Sunday, October 24, 2004

Men defy stereotype, find joy in teaching

By William Croyle
Enquirer staff writer

Matthew Schulz, a first-grade teacher at Fort Wright Elementary School, reads to (from left) Dakota Freeland, Emily Eliot, Karim Asad and Billy Schmitt.

FORT WRIGHT - Matthew Schulz has a lot of confidence in his child-nurturing skills. He has to, in a field dominated by women.

"I give out a lot of hugs," said Schulz, 30, a first-grade teacher at Fort Wright Elementary School. "I can deal with a loose tooth or a sick pet. Even a lost pencil can be a traumatic experience."

He's in a popular profession - just not for men.

The National Education Association says only 21 percent of public school teachers in Kentucky are men, 4 percent below the national average. In elementary schools nationwide, 9 percent are men, half the number two decades ago. Locally, many elementary schools have no male teachers.

The percentage of public school teachers who are men ranges from state to state but isn't higher than 38 percent in any state, according to figures from the 2002-03 school year.
Rank/State/Percent of male teachers
1. Massachusetts 37.9
4. Indiana 31.6
18. Ohio 26.8
44. Kentucky 21.4
51. South Carolina 17.5
Source: National Education Association
Schulz is only the third or fourth man Margaret Hoffman recalls hiring in her 17 years as principal at Fort Wright. Today, she has two men and about a dozen women teachers. She'd like a better mix, but male applications are scarce.

"I think it's just a perception that this is for women," said Hoffman. "It's not uncommon at all for men to teach high school or middle school, but if you're teaching elementary school, people will ask why."

Many experts agree that perception is because most children grow up with female teachers.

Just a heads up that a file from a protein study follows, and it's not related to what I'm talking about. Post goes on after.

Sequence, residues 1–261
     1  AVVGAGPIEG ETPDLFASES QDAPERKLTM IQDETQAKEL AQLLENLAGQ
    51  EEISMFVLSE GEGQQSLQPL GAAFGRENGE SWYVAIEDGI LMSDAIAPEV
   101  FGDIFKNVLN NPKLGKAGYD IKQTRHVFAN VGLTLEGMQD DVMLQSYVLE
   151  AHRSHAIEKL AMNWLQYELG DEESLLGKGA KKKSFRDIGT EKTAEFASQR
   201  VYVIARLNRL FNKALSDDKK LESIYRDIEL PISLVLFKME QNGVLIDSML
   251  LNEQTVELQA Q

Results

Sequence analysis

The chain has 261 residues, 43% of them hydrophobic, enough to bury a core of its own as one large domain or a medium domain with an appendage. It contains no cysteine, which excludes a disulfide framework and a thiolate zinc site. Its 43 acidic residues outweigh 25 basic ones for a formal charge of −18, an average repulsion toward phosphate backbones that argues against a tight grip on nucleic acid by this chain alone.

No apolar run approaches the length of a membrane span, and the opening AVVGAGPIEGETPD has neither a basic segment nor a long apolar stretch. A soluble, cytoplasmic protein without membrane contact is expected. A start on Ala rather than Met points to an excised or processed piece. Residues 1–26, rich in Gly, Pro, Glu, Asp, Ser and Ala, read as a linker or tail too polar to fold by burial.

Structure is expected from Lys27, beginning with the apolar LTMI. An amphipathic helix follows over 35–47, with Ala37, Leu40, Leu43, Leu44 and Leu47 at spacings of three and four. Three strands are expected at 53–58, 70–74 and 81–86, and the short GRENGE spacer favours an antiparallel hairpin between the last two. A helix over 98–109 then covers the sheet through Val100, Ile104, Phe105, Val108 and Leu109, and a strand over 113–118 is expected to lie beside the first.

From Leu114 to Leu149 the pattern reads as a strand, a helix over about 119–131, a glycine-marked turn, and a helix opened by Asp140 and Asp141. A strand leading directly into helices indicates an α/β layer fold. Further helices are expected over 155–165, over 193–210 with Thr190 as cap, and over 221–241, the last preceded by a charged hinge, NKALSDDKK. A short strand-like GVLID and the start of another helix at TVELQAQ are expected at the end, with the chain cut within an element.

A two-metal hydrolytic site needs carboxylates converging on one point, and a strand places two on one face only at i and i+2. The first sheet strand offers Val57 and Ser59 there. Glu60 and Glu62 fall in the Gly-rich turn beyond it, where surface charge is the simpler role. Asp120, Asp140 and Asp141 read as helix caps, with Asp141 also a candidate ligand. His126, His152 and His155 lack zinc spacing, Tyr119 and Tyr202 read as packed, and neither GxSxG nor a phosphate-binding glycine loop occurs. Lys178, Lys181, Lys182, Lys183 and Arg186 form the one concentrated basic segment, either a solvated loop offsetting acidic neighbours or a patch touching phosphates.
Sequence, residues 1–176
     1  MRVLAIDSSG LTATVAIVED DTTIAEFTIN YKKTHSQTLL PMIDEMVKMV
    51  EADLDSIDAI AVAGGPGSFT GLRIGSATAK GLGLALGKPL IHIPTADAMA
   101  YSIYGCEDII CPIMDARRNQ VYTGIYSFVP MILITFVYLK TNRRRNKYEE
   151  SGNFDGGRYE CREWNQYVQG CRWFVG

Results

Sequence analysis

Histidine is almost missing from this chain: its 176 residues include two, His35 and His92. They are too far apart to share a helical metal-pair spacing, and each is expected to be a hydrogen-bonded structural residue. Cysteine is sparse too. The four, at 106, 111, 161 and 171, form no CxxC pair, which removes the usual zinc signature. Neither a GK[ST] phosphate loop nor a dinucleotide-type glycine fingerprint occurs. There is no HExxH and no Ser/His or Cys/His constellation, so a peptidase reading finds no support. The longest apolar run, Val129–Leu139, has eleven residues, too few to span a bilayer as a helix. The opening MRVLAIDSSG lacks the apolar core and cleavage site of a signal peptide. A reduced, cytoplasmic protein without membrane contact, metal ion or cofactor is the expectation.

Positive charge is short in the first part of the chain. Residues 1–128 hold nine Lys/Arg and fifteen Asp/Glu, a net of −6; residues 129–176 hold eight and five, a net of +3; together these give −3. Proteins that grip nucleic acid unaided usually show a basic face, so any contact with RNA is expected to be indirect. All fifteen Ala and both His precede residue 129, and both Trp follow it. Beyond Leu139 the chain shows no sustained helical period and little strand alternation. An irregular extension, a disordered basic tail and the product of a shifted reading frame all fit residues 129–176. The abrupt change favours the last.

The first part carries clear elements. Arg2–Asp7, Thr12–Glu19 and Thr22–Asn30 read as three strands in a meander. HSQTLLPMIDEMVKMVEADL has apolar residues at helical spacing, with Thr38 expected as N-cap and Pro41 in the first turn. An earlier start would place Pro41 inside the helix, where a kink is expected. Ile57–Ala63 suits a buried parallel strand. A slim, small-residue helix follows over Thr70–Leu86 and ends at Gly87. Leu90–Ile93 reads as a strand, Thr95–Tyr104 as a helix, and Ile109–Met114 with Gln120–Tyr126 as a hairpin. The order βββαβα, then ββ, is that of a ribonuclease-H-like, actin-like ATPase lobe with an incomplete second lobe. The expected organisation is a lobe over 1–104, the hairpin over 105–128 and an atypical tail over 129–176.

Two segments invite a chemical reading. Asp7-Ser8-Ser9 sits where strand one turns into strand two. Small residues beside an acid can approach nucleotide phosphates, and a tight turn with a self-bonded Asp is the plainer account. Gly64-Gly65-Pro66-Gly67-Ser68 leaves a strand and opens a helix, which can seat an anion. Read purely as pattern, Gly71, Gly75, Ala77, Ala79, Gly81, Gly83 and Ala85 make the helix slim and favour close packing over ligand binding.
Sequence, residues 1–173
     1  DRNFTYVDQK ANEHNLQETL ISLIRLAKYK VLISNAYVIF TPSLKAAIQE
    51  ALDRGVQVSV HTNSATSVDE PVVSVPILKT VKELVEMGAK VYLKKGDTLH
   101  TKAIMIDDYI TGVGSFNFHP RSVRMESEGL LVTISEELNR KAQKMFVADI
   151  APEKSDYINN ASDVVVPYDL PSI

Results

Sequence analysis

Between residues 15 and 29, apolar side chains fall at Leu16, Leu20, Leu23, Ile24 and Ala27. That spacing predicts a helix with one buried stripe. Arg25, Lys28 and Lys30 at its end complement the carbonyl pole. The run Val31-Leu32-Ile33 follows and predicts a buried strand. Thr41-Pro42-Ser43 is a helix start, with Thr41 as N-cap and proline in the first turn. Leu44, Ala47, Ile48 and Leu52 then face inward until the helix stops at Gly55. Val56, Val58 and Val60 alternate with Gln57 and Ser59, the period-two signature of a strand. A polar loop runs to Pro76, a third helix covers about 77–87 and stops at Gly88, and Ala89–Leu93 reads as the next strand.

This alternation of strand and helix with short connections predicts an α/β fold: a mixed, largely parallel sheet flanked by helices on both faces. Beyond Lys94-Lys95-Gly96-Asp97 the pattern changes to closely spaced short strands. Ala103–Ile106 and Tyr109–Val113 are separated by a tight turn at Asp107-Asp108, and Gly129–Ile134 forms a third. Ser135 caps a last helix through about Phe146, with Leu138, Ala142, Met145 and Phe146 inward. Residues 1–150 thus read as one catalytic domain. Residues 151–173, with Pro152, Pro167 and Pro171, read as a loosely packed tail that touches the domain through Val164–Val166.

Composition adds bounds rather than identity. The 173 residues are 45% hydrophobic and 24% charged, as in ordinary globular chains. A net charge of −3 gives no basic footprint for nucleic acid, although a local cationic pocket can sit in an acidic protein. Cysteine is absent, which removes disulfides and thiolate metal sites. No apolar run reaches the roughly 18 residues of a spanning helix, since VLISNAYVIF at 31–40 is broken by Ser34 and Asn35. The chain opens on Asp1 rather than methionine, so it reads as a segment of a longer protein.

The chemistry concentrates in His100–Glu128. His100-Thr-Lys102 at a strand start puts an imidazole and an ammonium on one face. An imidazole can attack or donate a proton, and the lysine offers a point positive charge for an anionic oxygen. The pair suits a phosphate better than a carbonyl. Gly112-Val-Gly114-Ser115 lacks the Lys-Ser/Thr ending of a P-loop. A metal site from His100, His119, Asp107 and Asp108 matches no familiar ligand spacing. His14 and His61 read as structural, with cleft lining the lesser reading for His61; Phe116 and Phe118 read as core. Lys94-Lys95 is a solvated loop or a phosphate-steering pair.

"I think men are unaware of it as a profession for them because they don't see men (doing) it," said Cary Buzzelli, chairman of the department of curriculum instruction at Indiana University. "They don't picture themselves doing it and we're missing out on a lot of good teachers."

The National Education Association is trying to attract males to the profession through programs like Future Teachers of America and Teacher Cadet, but not much has changed locally.

At Northern Kentucky University, there are 205 men and 832 women in the undergraduate elementary education program. Paul Pelgen graduated in 2001 and is teaching first grade at Beechgrove Elementary School in Independence.

"I think there are misperceptions about men teaching at this level, but I think I'm as nurturing as any female," said Pelgen. "When parents first look at me and see a male teacher, they're a little hesitant. But once they get to know me, they want their kids in my class."

Besides the perception that it's women's work, the scarcity of men can also be attributed to fears of sexual abuse claims. Doris Martin, professor of early childhood education at James Madison University, said those accusations are harder for men to defend.

"Good caring of children involves closeness," said Martin. "Men will be more susceptible to those kinds of suspicions than women. It's just the way society is."

Buzzelli agreed. "In our classes, touching young children is an issue we deal with, but it's heightened for men, and that's unfortunate," he said.

Pelgen doesn't let those perceptions affect his job. "Males are still looked at as outsiders in education," he said. "But I don't even think about it. If I did, I couldn't do what I do."

Another factor keeping men away is low pay, education experts say. If a woman wants to be a stay-at-home mom, it's hard for a man to support his family financially as an elementary school teacher.

In Northern Kentucky districts, the average salary for first-year teachers is $29,714.

Eric Johnson, 43, teaches fourth grade at Fort Wright. He was a market researcher for 13 years before changing careers seven years ago. The husband and father of two took a pay cut to be a teacher and could not have done it if his wife didn't work outside the home.

"I just felt like I needed to do something more worthwhile in my life," said Johnson. "Nobody does this for the money."

Schulz agreed. He had the opportunity to take over his family's jewelry business but decided to stick with his first-graders. "There are rewards in this profession that you can't buy," he said.

While the biggest reward to Schulz is watching the kids grow, there are some small perks that the kids think are pretty cool. Schulz uses those to encourage the kids to consider teaching one day.

"They'll say, 'Hey, why do you get to cut to the front of the lunch line?' and I'll kid with them that it's because I'm a teacher," said Schulz.


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